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Lesson Plans

Know Your Vote, Know the Issues

November 1, 2016

Full Lesson



U.S. History, U.S. Government, Civics

Estimated Time

Three to four 50-minute class periods (activities can be conducted individually)

Grade Level


Essential Question

How do you decide which presidential candidate to vote for?


  • Analyze liberal and conservative positions on government spending and balancing the budget
  • Understand the issues surrounding health care costs
  • Understand the issues surrounding funding higher education
  • Understand the issues surrounding the preservation of Social Security
  • Formulate an endorsement for a presidential candidate based on how they will address those issues


Every election year and for years after elections, there are several major issues that persistently trouble Americans. Every election year, politicians pledge that they will address these issues, and nearly every year they fall short of many peoples’ expectations. This time may be different, but it will take an educated voting population to explain to politicians exactly what they want done to address the issues. In this lesson, we begin that process by examining problems surrounding health care costs, funding higher education, and preserving social security. Then, students look at how the current presidential candidates are proposing to address these issues, and formulate a short media presentation using Flipgrid ( or some other media presentation tool to endorse one candidate.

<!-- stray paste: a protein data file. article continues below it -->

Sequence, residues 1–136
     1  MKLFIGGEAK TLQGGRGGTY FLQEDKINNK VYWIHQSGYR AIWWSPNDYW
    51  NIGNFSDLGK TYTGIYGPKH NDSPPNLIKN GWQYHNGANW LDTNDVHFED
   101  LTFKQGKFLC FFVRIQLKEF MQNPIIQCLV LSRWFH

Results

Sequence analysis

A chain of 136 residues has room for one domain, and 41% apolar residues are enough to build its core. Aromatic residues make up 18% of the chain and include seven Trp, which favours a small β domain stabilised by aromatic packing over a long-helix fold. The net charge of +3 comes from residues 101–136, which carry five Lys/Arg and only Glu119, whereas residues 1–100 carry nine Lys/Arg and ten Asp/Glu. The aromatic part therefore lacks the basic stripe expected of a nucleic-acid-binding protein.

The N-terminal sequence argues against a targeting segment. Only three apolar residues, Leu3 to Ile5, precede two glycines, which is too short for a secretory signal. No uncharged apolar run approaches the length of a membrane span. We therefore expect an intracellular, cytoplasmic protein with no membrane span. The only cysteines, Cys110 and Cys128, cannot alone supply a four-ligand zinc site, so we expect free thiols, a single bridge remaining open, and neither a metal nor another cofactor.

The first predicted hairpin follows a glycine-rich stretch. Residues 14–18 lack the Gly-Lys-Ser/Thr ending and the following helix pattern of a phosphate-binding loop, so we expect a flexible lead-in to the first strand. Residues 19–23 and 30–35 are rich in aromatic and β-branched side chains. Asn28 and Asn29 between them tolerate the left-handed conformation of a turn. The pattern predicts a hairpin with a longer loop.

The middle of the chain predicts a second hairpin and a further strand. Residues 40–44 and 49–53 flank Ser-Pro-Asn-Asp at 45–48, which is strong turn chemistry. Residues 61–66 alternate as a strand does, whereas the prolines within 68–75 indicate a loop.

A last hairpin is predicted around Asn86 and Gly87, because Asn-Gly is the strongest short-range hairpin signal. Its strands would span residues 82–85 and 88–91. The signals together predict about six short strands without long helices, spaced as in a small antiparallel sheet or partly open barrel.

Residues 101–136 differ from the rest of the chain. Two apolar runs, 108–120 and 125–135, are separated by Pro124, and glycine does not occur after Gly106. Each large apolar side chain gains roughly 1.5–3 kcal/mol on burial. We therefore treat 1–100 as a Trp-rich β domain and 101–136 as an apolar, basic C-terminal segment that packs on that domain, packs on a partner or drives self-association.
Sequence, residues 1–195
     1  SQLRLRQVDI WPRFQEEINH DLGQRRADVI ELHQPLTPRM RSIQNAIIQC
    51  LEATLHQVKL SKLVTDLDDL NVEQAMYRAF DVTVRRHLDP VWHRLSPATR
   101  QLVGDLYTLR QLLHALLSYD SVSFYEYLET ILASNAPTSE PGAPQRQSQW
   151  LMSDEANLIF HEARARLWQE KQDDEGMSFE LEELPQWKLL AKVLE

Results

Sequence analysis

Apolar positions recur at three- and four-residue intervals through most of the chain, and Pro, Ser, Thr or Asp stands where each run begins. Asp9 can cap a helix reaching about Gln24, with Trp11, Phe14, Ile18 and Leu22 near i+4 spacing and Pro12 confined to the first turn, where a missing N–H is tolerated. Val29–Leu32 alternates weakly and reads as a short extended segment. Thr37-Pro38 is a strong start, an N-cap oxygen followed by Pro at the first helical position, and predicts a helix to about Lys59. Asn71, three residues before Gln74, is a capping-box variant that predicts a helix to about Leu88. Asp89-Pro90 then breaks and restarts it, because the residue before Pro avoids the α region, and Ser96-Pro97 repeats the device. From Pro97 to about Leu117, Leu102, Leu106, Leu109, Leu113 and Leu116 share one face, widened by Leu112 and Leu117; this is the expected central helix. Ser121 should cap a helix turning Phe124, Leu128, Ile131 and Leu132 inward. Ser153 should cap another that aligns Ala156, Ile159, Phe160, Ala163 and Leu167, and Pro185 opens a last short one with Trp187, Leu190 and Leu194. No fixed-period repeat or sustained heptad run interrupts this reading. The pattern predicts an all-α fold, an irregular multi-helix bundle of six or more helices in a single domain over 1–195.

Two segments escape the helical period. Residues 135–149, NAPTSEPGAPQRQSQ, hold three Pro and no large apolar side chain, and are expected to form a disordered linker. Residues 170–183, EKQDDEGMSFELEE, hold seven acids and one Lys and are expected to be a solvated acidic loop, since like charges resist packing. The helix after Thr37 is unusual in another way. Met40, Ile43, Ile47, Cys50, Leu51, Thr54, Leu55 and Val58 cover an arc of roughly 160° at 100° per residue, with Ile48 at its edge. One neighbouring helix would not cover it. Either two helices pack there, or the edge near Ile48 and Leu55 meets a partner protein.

• We The Voters film, “Real Voters of the USA”
  • We The Voters film, “Mission Insurable”
  • We The Voters film, “Student Debt Roulette”
  • We The Voters film, “The Future of Social Security”
  • Copies of Student Handouts:
    • Handout #1: “Real Voters of the USA” Graphic Organizer
    • Handout #2: “Mission Insurable” Graphic Organizer
    • Handout #3: “Student Debt Roulette” Graphic Organizer
    • Handout #4: “The Future of Social Security” Graphic Organizer
    • Handout #5: Endorsing a Candidate


Preparation: Before starting this lesson, you might want to familiarize yourself with Flipgrid, a video-based learning tool. Flipgrid allows teachers to set up topics for discussion online so that students can review and respond in an online presentation. If Flipgrid does not fit your needs, you can have students use another media presentation tool to complete the final activity.